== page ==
"particles-0",
                  "particles-1",
                  "particles-2",
                  "particles-3",
                  "particles-4"],
      "timestamp": "ts",
      "*": "&"
    }
                  },
  {
    "operation": "shift",
    "spec": {
      "particles-orig": "particles-orig",
      "particles-0": {
        "*;*;*;*;*": {
          "$(0,1)": "tmp.particle1[]",
          "$(0,2)": "tmp.particle2[]",
          "$(0,3)": "tmp.particle3[]",
          "$(0,4)": "tmp.particle4[]",
          "$(0,5)": "tmp.particle5[]"
        }
      },
      "particles-1": {
        "*;*;*;*": {
          "$(0,1)": "tmp.particle1[]",
          "$(0,2)": "tmp.particle2[]",
          "$(0,3)": "tmp.particle3[]",
          "$(0,4)": "tmp.particle4[]"
        }
      },
      "particles-2": {
        "*;*;*": {
          "$(0,1)": "tmp.particle1[]",
           "$(0,2)": "tmp.particle2[]",
          "$(0,3)": "tmp.particle3[]"
        }
      },
      "particles-3": {
        "*;*": {
          "$(0,1)": "tmp.particle1[]",
          "$(0,2)": "tmp.particle2[]"
        }
      },
      "particles-4": "tmp.particle1[]",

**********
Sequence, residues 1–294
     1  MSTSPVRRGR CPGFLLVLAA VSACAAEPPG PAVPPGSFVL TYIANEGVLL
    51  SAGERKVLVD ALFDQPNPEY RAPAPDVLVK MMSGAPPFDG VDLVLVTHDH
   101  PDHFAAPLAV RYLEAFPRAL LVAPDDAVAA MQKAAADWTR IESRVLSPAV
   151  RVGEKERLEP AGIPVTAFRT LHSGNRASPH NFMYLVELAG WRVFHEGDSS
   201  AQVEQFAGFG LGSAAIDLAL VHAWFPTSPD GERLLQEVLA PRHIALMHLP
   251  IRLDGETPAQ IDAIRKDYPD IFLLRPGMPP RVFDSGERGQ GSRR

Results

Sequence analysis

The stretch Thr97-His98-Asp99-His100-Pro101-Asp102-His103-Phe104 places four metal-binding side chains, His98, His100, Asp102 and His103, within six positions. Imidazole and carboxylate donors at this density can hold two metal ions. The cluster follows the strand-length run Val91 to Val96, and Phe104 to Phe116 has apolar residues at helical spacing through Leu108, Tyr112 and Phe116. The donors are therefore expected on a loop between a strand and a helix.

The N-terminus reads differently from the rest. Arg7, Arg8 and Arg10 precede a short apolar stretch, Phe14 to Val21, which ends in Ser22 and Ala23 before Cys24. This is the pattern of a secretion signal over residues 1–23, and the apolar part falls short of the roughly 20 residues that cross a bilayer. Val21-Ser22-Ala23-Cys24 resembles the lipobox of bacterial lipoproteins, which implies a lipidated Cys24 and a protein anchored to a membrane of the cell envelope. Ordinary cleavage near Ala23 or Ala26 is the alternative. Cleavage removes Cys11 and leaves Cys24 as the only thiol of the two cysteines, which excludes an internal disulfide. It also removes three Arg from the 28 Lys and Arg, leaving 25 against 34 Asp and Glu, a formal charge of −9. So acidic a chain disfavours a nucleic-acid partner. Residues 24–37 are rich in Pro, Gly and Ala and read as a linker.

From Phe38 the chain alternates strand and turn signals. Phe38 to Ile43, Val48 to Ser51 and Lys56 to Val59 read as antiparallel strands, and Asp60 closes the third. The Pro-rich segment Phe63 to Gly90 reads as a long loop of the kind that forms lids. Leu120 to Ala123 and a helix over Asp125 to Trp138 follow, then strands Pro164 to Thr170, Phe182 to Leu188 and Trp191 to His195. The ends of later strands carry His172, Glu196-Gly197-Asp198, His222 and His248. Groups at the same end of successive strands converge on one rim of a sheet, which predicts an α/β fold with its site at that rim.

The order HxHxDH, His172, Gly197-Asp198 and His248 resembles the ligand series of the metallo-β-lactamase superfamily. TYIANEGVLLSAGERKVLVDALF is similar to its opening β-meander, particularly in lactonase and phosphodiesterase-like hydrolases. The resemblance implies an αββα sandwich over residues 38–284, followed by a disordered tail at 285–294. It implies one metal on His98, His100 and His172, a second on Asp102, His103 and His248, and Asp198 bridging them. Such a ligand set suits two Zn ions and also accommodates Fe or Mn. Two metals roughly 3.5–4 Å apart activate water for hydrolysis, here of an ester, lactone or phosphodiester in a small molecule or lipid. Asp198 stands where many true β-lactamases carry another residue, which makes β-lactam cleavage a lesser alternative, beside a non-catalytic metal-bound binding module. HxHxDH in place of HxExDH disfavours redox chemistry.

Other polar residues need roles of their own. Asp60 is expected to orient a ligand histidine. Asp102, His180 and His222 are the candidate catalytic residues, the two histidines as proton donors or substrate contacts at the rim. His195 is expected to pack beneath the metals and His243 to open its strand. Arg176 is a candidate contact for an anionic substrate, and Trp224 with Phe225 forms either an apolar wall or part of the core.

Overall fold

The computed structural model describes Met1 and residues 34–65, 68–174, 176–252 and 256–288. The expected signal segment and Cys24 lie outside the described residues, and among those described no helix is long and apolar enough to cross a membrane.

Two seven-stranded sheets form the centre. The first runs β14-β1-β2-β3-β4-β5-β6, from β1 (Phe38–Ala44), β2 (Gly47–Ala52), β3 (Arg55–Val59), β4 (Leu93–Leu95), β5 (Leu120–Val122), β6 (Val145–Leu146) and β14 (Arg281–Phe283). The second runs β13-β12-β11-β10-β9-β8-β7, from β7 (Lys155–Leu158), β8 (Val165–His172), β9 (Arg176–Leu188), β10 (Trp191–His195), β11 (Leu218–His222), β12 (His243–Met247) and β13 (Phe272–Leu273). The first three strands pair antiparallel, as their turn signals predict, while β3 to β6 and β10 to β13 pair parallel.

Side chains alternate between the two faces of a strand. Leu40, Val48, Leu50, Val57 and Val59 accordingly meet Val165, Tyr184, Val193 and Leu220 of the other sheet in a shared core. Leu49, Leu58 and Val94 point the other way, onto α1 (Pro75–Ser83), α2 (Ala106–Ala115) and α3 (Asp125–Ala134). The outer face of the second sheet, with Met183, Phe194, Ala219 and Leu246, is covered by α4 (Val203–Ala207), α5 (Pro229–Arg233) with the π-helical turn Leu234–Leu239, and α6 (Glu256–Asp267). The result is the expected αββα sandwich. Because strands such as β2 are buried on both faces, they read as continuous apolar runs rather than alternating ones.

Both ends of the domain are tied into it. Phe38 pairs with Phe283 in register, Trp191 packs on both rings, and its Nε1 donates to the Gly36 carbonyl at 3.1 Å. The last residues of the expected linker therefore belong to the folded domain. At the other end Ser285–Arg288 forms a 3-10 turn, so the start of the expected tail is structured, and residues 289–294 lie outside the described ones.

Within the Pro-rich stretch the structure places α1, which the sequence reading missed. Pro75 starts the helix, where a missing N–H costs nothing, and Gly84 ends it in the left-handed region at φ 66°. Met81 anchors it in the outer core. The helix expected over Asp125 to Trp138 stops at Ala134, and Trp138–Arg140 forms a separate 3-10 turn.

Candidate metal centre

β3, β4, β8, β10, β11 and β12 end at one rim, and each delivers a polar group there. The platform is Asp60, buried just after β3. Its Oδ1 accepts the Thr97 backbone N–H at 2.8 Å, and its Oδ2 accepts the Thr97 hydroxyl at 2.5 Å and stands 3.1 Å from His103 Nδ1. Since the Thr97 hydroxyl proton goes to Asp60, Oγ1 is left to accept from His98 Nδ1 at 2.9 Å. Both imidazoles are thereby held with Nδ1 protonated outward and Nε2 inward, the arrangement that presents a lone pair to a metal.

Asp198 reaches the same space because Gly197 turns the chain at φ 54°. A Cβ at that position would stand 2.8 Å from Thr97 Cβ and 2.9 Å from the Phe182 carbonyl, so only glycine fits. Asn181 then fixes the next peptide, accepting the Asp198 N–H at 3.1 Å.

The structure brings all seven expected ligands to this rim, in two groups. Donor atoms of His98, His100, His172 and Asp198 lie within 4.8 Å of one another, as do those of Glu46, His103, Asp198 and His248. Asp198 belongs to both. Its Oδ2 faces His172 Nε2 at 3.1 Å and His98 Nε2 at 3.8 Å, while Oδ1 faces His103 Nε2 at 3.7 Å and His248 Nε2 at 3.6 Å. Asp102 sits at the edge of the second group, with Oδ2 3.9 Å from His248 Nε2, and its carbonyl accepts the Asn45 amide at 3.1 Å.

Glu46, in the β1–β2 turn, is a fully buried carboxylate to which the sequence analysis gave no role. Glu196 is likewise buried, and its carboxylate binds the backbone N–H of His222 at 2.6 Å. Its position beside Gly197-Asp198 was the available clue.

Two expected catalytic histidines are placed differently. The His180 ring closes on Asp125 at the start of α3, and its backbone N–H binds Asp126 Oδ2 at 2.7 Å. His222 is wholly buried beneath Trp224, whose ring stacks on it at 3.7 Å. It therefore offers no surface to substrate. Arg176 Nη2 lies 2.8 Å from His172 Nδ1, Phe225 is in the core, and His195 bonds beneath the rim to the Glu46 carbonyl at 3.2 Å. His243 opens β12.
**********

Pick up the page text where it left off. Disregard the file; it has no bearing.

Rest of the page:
"*": "&"
    }
                  },
  {
    "operation": "shift",
    "spec": {
      "tmp": {
        "*": {
          "0": {
            "*,*,*,*": {
              "@(4,runid)": "particles.[#4].runid",
              "@(4,ts)": "particles.[#4].ts",
              "$(0,1)": "particles.[#4].Xloc",
              "$(0,2)": "particles.[#4].Yloc",
              "$(0,3)": "particles.[#4].Xdim",
              "$(0,4)": "particles.[#4].Ydim"
            }
          }
        }
      },
      "*": "&"
    }
                  },
  {
    "operation": "remove",
    "spec": {
      "particles-orig": ""
    }
                  }
                  ]


109298-1560203957800.png


REFERENCES:


RELATED POSTS:


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Comments
Not applicable

Hello,

thanks for perfect examples!
What would be the jolt specification for this input/output look, please? The number of tags can be dynamic and delimiter is always colon char.


Input:

{
  "log": {
    "vector": "tag1:tag2:tag3"
  }
}


Spec:

???


Output:

{
  "tags" : [ "tag1","tag2","tag3" ]
}


Thanks

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Last update:
‎08-17-2019 02:15 PM